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A Cajun Kitchen: Making Craklins at Home

Snap, Cracklin, Pop

Written by Emily Storrow | Photography by Jonathan Boncek

From the land of boudin, backbone stew, and crawfish comes cracklins, crispy-fried bits of pork belly akin to carnivorous popcorn. Known to Cajuns as gratons, they’re sold from gas stations and corner stores in brown paper bags spotted with grease and eaten on the road, in the stands of a Friday-night football game, for breakfast—you name it.

Unlike pork rinds, which are fried skin with no fat, cracklins are cubes of pork belly with distinctive layers of skin, fat, and meat. A by-product of the boucherie, they’re traditionally made outdoors in large pots using a long-handled wooden paddle. But the home cook can also craft a stovetop batch when the cracklin cravings hit. Keep in mind that you’ll need a deep-fat thermometer. Place the pork belly in the freezer for fifteen minutes prior to slicing for a firmer texture. Cracklins owe their decadence to two stages of frying. In the first, the pork belly is rendered for upward of an hour. But it’s during the second cook that the cracklins really fry up (use a mesh splatter guard and wear long sleeves to avoid any oil burns) and develop their rich brown hue. Adjust your spice blend for higher heat, grab a cold beer, and dig in.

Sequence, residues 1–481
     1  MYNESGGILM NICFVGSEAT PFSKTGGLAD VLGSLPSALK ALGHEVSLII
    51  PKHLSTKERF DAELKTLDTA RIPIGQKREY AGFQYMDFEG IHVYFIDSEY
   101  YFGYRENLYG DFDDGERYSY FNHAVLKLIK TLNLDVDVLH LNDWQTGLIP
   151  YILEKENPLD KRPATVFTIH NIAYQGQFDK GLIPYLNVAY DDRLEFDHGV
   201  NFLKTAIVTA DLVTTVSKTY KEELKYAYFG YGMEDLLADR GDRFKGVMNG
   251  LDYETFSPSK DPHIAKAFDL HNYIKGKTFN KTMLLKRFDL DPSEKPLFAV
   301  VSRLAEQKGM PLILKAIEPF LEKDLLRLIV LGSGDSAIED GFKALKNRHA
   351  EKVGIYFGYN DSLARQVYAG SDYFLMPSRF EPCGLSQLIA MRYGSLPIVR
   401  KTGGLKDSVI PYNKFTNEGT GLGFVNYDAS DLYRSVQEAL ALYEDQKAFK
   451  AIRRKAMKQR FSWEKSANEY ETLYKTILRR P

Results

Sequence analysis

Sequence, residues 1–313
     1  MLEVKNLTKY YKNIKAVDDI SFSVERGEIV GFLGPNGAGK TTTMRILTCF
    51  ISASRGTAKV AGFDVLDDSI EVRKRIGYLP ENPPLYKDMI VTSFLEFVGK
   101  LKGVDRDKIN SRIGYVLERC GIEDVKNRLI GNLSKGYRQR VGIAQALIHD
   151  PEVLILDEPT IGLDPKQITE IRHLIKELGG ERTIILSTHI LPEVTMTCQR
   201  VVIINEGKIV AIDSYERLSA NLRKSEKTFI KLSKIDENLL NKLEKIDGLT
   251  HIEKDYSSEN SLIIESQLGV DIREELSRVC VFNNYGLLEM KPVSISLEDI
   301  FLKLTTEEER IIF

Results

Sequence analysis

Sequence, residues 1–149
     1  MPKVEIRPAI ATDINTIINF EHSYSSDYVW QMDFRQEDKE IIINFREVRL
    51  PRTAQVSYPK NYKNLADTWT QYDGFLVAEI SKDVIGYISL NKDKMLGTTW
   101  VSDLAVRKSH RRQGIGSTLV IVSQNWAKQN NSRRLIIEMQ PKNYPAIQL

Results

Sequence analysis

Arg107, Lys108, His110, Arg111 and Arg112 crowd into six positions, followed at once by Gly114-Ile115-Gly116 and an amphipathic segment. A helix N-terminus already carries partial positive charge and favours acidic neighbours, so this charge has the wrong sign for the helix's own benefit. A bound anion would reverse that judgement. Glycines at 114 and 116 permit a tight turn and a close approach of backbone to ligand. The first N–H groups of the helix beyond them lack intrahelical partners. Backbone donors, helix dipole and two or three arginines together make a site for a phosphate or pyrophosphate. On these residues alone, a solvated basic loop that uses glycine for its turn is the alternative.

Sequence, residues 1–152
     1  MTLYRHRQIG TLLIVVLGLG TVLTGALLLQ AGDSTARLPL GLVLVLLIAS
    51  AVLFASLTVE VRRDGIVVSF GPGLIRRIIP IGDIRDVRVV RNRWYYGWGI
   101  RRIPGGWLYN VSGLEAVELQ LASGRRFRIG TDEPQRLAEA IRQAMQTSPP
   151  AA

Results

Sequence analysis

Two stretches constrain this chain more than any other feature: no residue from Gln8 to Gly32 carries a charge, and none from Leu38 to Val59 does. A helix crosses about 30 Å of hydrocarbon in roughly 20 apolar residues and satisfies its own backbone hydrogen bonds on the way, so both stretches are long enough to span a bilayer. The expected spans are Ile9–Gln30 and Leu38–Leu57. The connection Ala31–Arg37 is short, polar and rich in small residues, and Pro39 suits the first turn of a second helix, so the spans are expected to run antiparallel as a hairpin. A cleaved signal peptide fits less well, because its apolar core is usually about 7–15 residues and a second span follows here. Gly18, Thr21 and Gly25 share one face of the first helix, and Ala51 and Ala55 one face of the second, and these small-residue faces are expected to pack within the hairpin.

•2 pounds pork belly, skin on

•2 tablespoons salt

•1 tablespoon smoked paprika

•2 teaspoons cayenne pepper

•2 teaspoons garlic powder

•2 teaspoons onion powder

•2 teaspoons white pepper

•2 teaspoons ground thyme

•1 teaspoon black pepper

•2 cups pork lard or neutral oil for frying

Makes about 2 cups

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